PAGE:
Lesson 2: Past, Present, and Future

Last week I tried to make the case for faith, hope, and love being a very careful choice for summarizing the Christian life. I’d like to take a few weeks to examine the features that make the triad so important.

First, the three proclaim how Christians handle the very basic human activity of relating the past, present, and future. I came to appreciate how essential this is when preparing First and Second Graders for their First Communion. When I asked what they did at dinner, fully expecting “We eat”, I got instead “We talk”. And then without skipping a beat, they would go on to explain they talked about what they had been doing and what they planned to do. The response was the same year after year. So, too, we adults understand ourselves and identify our communities by remembering our histories and indicating our aspirations.

Christians do this in their own special way. They use scripture and tradition from the past to inform the present conversation as they make choices about what they will say and do in the future. They speak the mystery, “Christ has died, Christ is risen, Christ will come again”.

Immediately you note the contrast with modern society. We are dealing with long term perspectives: meanings, values, and purposes acquired over millennia. Faith refers to the story of Jesus that goes back 2000 years, hope to the fulfillment of his promises that might be far off in the future, and love to how these play out in the present. Faith presumes we can not truly appreciate what is true, beautiful, and good by simply examining present opinion, hope that many ethical projects extend beyond our lifetimes, and love that many virtuous actions demand more than individual efforts.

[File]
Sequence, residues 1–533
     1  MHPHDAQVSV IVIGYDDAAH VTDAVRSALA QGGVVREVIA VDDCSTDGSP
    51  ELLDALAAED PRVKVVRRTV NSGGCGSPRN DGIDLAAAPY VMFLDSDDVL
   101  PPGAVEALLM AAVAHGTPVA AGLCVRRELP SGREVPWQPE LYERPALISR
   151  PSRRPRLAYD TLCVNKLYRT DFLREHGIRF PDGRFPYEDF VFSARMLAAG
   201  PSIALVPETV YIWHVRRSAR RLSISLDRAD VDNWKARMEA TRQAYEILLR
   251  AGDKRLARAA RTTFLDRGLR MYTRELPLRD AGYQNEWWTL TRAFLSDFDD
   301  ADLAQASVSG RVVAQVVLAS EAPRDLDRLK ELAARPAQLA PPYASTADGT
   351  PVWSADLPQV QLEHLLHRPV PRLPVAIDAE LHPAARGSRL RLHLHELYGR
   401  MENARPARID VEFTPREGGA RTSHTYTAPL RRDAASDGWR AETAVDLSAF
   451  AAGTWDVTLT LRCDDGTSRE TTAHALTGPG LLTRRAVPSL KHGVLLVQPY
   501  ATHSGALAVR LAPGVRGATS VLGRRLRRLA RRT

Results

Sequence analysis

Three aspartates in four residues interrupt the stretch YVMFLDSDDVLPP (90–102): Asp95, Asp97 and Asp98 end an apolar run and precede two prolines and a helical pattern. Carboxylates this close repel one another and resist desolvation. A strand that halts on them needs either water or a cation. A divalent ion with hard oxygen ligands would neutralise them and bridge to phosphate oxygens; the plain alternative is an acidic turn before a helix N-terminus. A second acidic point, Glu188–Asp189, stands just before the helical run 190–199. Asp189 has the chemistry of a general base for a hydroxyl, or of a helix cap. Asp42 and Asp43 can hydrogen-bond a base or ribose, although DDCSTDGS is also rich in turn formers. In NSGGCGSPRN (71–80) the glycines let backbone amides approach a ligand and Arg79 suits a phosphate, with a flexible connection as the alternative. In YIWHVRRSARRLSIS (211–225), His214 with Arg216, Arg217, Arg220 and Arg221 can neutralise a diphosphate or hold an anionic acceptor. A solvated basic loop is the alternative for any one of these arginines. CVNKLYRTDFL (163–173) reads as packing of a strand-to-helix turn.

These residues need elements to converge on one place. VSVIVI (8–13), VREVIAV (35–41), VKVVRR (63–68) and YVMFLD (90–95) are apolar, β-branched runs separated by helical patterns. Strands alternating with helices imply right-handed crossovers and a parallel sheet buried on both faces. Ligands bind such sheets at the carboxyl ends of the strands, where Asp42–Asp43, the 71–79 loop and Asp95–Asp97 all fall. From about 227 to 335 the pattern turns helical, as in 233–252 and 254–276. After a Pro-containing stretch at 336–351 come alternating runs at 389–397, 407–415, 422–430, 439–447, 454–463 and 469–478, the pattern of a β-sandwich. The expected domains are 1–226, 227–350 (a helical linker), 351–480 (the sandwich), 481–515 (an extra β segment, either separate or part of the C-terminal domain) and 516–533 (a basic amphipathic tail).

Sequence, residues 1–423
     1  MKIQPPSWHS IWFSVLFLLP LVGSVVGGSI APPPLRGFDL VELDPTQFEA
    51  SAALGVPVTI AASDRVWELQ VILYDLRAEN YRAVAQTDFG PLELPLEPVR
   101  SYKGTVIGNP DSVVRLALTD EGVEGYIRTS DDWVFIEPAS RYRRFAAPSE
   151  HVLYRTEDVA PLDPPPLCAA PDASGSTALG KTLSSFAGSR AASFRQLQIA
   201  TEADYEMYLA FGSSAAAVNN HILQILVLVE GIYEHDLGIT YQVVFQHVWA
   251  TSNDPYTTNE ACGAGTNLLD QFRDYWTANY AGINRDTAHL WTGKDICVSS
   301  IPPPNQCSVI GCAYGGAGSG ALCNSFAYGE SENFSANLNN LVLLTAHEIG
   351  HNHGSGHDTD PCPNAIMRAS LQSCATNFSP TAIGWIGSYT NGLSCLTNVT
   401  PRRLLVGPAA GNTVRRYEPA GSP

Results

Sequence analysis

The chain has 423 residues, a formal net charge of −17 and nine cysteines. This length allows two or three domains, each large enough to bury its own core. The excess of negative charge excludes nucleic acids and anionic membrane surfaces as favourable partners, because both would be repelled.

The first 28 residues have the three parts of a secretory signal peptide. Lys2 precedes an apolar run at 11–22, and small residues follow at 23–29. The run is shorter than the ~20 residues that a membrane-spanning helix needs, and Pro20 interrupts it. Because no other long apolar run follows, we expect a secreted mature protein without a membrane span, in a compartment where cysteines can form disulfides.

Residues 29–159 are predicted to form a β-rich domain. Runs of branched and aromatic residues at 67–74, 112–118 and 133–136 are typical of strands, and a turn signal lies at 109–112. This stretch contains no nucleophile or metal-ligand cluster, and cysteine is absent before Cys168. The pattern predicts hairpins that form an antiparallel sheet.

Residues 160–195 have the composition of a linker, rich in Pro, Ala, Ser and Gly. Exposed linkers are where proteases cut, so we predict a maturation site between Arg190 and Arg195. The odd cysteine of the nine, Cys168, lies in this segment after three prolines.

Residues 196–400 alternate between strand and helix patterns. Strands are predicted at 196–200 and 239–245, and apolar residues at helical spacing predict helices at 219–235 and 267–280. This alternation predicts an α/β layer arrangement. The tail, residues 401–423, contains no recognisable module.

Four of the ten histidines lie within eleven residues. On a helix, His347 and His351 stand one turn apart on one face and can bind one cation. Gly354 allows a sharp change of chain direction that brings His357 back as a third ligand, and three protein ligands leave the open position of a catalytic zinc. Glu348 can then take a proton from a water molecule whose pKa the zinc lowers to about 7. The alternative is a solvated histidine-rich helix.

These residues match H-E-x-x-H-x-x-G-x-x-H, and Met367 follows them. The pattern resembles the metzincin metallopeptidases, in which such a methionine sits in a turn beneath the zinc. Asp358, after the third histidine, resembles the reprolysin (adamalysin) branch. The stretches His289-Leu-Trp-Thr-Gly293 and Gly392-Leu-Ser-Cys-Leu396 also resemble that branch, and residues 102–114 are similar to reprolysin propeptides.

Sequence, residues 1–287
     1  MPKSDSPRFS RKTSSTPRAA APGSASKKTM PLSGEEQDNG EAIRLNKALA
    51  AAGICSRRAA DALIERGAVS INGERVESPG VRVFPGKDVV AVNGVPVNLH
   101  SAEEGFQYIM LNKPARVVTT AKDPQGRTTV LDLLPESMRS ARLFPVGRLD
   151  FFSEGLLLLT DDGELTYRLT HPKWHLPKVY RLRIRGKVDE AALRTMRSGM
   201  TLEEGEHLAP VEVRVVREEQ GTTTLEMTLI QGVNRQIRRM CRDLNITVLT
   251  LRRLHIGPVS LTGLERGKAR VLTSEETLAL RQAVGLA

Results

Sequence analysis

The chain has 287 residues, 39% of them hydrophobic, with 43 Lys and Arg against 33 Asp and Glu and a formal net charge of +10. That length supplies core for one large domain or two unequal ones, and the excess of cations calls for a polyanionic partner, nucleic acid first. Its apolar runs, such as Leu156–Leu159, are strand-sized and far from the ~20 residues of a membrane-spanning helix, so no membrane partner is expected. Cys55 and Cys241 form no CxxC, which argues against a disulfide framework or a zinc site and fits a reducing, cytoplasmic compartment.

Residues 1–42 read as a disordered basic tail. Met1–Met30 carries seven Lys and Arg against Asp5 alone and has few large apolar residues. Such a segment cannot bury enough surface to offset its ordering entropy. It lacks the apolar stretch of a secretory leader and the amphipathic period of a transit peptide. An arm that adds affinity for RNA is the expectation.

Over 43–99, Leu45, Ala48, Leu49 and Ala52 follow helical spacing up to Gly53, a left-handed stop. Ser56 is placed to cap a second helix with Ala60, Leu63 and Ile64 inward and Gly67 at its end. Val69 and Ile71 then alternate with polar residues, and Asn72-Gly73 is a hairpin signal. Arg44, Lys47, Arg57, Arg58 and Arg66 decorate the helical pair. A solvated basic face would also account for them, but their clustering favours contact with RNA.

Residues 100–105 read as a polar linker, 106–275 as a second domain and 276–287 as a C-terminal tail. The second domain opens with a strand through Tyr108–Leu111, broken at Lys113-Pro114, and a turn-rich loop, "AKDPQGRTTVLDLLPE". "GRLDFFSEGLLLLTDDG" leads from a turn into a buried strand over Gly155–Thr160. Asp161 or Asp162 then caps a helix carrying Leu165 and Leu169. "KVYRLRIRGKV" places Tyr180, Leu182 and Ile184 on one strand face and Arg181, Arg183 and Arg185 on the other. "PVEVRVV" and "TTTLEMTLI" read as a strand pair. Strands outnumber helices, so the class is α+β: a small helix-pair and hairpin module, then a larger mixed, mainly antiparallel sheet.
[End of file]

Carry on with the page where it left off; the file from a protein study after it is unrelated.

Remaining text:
Our modern technological society focuses only on the present and the short term, perhaps in an effort to escape meanings, values, and purposes. It promises to free us from the past that is now “no longer” and primarily examined in terms of opportunities lost. It promises to provide anything we want in the future that has become “not yet” and is primarily defined in terms of endless opportunities. However, in denying the past and pretending to control the future, the promises are empty. The society offers only what is “new”, not what is valuable. It flits from solving one immediate problem, often of its own making, to another.

One of the functions of faith, hope, and love is to proclaim the meanings, values, and purposes that come with a profound understanding of the past, present, and future. I am reminded of an article Lupe wrote in answer to a gentleman who predicted the crumbling of the Bolivian people in the face of modern industrial corruption. In essence her reply was, “You have no understanding of the Bolivian people. You can not predict their future, because you have no appreciation for their past.” So faith, hope, and love enable Christians to understand the present by appreciating the past and trusting in Jesus’ promises about the future.

Tages: Faith, Hope, Love, Past, Present, Future, Meaning, Value, Purpose, Dinner

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